My Story, Our Story – How I (We) Got Here

My Story, Our Story – How I (We) Got Here


I really like making things, but which one of us with a 3D printers doesn’t?  From the first time I saw a 3D printer I wanted one, but again, which one of us Makers didn’t want a 3D printer the first time we saw one?  Of course, that 3D printer was really expensive and only something one would expect to find in a University laboratory.  It can probably be attributed mostly to the RepRap, but once 3D printers started making it into the hobbyist market prices started coming down to something obtainable, that’s when I starting believing I might own one some day. Again, which one of us did not go through the same thing?  Alright, really at some point this story will become a story about me and not a story about us.  Well, when it started to look like I could someday own a 3D printer, I started learning more about them.  Okay, Okay, I know, we all did that too!  J


My own story starts to become my own when I get my first 3D printer.  I was visiting family in a city that has my favorite electronics store that my hometown does not, so when I had a chance I decided to check out the popular store.  I found they had the XYZPrinting Da Vinci Jr. on sale for around $225.  That was a pretty good price at the time.  Keeping in mind that the going price for a truly good 3D printer was running about $800 to $1200.  I snagged one up so fast I didn’t think much about it.  I didn’t do any preliminary research about that brand or model of 3D printers and I really didn’t know enough about 3D printing and didn’t know I didn’t know enough yet to ask the right questions or make the right choices.  All I saw was here’s a chance to get into 3D printing for only $225.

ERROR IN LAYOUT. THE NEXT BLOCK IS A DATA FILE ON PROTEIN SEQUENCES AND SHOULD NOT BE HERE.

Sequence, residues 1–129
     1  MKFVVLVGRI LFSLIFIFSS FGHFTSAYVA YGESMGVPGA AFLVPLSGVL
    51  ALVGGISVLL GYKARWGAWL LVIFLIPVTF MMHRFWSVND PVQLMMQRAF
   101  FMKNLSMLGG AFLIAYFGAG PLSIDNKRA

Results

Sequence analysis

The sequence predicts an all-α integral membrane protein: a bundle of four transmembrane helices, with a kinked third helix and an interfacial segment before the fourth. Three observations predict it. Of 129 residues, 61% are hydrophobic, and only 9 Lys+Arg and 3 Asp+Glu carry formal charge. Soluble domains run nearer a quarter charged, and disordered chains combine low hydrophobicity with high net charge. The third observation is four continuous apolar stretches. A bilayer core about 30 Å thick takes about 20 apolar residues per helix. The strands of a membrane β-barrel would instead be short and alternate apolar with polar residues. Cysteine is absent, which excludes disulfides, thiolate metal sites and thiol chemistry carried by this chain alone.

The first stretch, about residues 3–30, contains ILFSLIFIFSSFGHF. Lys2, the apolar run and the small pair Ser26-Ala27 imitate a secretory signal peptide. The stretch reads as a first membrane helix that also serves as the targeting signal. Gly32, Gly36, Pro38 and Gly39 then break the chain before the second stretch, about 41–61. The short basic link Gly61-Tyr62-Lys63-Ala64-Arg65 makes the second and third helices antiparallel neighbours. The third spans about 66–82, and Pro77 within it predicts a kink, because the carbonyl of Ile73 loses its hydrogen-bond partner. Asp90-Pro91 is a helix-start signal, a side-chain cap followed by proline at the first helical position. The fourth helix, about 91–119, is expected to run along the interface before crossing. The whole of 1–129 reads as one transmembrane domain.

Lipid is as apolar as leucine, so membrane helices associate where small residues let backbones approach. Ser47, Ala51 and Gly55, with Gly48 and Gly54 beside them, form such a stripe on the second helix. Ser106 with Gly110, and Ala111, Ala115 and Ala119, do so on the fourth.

The first thing I learned about my new 3D printer was it uses proprietary plastic.  Meaning I could only use the plastic sold by the manufacturer.  Which of course means I’m stuck buying their plastic at twice the price of any other brand.  The next thing I learned is my new 3D printer doesn’t have a heated bed.  Which means I can’t use it to print with ABS plastic.  Then I learned that even though the printer seems kind of big, it really has a small build volume.  It isn’t capable of printing anything bigger than 5.9” x 5.9” x 5.9” (150 x 150 x 150 mm) in one print.  (You can usually 3D print anything any size, if you do it in pieces.)  My first conclusion was, I planned to use the Da Vinci Jr. to print the parts I could and buy the rest to build a RepRap 3D printer from scratch.  I could build one that would have the ability to use ABS plastic, use any company’s plastic, has a heated bed and a bigger build volume.  Even though the Junior has it’s drawbacks, I have to admit though, with all its limits, it has actually turned out to be a decent printer.